This has been an interesting year for me. I just started at a new school this year with the goal of establishing a performing arts program. Prior to this year, they really had nothing…one ‘music’ class was offered that was just basically a hodgepodge of students that had varying interests in music. Some students wanted it to be a choir class, some played instruments and were hoping for it to be band class, some played string instruments, some were just in the class because it was the only thing that fit their schedule…and a teacher who had no idea how to teach to such a mixture of interests.

This is the first year my school has had a full-time music teacher (and I’m not even teaching a full-time courseload). I have four students in my choir (actually, five, because one comes over from her study hall)…and 18 students in what started as ‘Music I’ but quickly turned into a theater class. Have I ever taught theater? Nope. But that’s what the kids wanted.

megan and students

Megan and her students at a local assisted living facility (as she builds her program, she must rely on “ringers” to make a full chorus!)

Starting from scratch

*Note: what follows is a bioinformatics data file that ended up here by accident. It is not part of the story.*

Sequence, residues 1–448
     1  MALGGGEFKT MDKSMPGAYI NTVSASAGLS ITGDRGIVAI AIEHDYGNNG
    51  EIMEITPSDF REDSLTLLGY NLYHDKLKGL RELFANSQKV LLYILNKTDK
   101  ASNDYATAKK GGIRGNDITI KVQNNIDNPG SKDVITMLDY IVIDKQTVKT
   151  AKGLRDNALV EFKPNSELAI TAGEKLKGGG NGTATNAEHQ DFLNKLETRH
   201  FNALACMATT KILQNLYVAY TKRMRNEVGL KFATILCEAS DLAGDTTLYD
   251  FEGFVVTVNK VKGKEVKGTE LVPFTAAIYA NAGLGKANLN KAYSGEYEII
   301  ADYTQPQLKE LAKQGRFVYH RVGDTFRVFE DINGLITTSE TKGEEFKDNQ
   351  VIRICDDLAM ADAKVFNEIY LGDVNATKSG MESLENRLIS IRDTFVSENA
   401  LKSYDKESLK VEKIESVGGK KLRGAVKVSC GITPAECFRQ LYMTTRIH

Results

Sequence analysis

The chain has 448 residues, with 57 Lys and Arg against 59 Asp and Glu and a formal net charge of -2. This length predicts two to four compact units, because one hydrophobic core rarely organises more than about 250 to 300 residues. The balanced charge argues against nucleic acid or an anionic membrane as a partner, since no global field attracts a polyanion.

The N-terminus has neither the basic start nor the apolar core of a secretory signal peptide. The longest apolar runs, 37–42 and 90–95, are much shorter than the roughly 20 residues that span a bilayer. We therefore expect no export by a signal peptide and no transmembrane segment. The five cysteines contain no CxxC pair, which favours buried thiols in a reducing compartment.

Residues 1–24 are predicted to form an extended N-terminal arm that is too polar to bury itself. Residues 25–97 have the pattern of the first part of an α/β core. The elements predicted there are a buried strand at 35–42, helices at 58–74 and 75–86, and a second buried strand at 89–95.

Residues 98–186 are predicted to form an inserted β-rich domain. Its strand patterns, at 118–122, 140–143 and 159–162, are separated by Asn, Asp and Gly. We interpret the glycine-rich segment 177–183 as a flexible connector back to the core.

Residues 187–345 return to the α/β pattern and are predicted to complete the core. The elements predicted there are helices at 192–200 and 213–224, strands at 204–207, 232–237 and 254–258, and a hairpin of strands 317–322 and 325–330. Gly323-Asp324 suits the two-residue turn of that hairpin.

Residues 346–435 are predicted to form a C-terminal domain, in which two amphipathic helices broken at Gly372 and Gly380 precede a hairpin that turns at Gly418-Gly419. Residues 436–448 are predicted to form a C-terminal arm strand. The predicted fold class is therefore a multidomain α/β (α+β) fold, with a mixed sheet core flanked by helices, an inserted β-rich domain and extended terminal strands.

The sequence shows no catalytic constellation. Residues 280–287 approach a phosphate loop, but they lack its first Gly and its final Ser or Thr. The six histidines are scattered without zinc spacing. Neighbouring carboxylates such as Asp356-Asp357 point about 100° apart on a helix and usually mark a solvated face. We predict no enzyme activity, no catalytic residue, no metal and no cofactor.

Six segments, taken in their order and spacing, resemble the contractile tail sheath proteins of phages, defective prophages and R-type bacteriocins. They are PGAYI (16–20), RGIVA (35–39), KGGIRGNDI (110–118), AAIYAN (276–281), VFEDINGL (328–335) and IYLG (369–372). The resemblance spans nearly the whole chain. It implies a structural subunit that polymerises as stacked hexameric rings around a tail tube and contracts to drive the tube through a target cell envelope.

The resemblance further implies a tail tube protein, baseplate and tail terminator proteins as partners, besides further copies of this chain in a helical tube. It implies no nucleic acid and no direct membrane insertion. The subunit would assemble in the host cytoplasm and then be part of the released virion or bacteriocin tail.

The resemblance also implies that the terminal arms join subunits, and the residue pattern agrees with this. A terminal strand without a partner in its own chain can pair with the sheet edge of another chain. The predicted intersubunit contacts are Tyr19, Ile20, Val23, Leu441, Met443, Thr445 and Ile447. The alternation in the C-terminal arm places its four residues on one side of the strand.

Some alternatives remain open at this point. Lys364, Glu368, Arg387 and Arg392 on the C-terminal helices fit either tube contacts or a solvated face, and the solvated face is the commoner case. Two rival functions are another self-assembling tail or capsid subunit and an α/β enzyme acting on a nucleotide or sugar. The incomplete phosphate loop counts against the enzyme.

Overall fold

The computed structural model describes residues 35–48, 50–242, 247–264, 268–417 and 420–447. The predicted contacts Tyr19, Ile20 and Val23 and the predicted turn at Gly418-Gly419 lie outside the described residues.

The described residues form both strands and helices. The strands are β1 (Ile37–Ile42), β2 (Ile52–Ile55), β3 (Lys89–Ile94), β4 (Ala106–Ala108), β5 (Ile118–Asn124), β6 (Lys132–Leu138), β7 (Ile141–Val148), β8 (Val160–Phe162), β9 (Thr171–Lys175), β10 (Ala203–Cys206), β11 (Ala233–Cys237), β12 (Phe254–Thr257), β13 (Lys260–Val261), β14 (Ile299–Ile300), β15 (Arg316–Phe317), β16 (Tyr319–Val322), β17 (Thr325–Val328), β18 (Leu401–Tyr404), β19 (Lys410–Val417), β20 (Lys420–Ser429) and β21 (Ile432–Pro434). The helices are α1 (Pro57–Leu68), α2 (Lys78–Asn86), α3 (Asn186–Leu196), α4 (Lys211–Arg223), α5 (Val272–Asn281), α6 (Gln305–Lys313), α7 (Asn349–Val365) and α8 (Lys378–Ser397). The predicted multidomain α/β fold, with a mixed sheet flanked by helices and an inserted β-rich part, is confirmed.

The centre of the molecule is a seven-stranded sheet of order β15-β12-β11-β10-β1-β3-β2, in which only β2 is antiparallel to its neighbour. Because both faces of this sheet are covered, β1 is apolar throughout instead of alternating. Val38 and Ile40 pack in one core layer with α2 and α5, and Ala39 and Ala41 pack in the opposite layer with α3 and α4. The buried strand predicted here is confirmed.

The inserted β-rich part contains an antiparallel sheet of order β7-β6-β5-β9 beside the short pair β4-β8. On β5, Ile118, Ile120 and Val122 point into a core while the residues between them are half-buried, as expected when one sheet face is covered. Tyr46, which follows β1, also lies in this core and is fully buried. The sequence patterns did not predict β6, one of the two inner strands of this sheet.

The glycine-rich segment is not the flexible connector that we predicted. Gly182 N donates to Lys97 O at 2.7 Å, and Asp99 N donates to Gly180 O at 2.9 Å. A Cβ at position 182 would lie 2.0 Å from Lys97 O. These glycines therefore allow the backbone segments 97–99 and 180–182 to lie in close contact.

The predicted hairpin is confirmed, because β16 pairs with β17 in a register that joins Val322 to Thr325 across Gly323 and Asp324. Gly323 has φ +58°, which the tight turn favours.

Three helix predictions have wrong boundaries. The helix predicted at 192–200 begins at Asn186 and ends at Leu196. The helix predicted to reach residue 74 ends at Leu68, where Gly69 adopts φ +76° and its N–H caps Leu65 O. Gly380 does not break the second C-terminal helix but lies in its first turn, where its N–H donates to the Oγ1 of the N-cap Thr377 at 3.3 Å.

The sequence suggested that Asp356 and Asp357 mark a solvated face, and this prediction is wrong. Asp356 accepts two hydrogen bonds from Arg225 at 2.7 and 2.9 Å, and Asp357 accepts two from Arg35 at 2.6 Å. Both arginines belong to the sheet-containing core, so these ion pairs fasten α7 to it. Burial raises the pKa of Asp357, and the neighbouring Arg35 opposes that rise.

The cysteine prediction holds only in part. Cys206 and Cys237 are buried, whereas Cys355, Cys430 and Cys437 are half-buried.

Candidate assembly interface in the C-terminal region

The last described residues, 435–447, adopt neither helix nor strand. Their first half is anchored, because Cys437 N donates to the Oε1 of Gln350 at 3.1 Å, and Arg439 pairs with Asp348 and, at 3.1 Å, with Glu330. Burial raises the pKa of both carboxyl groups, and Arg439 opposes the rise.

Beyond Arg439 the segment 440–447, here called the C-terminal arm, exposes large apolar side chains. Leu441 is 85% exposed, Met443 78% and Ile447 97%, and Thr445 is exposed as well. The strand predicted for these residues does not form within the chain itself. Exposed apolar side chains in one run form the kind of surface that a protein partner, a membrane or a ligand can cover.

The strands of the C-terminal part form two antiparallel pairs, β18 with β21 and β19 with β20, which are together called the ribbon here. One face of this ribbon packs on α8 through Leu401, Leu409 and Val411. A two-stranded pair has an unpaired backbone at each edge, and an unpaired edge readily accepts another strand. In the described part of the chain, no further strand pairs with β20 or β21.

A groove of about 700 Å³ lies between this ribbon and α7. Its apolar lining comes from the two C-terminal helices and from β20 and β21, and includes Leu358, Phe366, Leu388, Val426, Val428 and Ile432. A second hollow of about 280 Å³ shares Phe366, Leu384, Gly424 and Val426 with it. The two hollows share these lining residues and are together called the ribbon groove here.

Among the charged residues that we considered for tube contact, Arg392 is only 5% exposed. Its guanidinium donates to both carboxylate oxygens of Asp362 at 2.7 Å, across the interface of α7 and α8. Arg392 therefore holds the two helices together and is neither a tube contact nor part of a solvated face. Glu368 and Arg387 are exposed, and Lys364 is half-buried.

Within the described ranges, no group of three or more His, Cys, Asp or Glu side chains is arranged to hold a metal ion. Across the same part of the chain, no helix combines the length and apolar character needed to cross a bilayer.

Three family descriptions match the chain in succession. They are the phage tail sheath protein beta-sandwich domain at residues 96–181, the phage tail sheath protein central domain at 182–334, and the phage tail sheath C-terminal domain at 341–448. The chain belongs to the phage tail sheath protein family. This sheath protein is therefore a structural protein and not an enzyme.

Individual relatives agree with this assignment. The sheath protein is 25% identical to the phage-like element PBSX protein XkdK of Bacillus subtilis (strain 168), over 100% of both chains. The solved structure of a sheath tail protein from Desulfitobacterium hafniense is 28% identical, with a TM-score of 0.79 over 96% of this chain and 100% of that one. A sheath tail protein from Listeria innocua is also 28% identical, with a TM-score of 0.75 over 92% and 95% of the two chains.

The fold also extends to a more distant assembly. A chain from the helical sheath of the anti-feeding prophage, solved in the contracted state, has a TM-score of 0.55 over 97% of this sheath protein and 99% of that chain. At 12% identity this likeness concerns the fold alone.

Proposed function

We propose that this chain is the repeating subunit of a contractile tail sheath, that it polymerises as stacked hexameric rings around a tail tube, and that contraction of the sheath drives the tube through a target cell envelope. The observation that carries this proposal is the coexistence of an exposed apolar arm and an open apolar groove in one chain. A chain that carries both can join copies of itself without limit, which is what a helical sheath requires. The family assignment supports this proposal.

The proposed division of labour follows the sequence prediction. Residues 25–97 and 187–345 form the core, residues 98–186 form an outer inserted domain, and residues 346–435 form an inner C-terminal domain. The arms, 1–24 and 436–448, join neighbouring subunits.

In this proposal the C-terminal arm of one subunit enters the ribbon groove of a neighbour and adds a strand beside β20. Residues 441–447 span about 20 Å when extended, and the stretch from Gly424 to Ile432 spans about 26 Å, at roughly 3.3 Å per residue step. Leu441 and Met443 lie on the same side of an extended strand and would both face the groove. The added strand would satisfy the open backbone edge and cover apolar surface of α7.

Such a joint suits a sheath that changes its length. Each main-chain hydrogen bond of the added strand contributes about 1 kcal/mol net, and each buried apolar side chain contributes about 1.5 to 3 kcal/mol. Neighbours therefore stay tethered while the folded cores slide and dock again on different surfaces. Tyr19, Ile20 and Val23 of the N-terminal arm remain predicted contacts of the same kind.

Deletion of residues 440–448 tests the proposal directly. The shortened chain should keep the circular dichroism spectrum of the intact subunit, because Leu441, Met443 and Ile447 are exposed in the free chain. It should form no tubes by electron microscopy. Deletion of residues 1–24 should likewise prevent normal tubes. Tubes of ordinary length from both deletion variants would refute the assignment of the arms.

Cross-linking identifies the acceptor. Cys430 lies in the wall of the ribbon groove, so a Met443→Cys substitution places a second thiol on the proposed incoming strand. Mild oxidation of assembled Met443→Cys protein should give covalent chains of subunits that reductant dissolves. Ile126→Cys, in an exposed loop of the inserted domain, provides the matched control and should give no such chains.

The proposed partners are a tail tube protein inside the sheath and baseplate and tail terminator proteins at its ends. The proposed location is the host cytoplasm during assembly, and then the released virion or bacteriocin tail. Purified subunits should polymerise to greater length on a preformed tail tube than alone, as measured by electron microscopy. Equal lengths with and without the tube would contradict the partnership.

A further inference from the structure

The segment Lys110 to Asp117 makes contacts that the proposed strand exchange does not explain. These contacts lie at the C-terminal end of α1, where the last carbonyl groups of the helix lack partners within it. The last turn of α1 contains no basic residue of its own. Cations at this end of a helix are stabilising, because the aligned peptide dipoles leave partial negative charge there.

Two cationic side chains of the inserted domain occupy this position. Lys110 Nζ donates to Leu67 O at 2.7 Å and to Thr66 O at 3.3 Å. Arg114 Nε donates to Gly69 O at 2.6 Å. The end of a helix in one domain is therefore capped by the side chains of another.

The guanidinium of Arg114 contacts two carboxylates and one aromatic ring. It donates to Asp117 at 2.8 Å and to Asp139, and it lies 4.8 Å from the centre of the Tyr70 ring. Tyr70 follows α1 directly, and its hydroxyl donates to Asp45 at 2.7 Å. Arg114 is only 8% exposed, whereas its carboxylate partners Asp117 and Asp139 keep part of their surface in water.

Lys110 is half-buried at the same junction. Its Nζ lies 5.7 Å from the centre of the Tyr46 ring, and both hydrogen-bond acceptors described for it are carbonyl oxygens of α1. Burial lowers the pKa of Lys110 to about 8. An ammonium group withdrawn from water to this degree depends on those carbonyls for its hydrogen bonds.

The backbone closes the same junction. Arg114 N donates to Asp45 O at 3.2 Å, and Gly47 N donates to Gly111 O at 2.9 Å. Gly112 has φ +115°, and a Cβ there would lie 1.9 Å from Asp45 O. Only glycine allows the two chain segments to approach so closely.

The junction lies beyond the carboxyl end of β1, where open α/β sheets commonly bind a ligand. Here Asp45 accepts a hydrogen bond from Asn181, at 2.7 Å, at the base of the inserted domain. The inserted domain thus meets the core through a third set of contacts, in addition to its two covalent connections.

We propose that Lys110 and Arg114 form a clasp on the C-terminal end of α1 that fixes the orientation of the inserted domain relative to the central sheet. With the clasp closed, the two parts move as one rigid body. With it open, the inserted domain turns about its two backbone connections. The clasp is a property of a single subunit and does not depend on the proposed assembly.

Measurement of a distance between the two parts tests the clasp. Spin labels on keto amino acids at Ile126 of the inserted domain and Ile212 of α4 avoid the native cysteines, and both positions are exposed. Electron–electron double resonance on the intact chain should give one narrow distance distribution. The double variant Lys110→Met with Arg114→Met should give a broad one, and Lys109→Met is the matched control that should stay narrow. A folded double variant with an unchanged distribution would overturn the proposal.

I’ve spent all of my free time this year (as a full-time teacher without a full-time courseload, I have an amazing amount of planning time!) trying to map out a curriculum for a course I’ve never taught, as well as trying to figure out what to do, meaningfully, with just four choir students. And, it’s been ultimately very successful! Until the tables got turned, and everything went online. And we all basically had to start from square one.

Like everyone else, I spent a lot of time panicking at the beginning, trying frantically to amass as many resources as I could to try and redesign my class. The core subject teachers at my school were just trying to negotiate how to transfer their courses to virtual learning…but I was trying to figure out what I could even DO with my students that would constitute ‘learning’ in a field where the ‘learning’ is based off of live performing! I found so many Facebook teacher groups full of teachers that were amazingly willing to share ideas, but I was quickly realizing that those ideas were for scenarios that were not mine.

I needed to find a way to keep these few precious students enjoying and invested in my budding program, and not to scare them away.

I was seeing all kinds of ideas for what to do with choirs, but I didn’t really have a ‘choir’…I had a few kids who were on their way to learning how to sing. They would not have been successful if I would have set them up with ear training and solfege exercises to do. I was seeing theater teachers posting about how to do improv exercises synchronously face-to-face, but we hadn’t even breached that subject in class yet, and I didn’t want to scare my kids away. I needed to find a way to keep these few precious students enjoying and invested in my budding program, and not to scare them away. I applied the same philosophy to my theater class, because many of those students wanted to sing and participate in my program, but weren’t in choir. I needed them to continue to want to participate!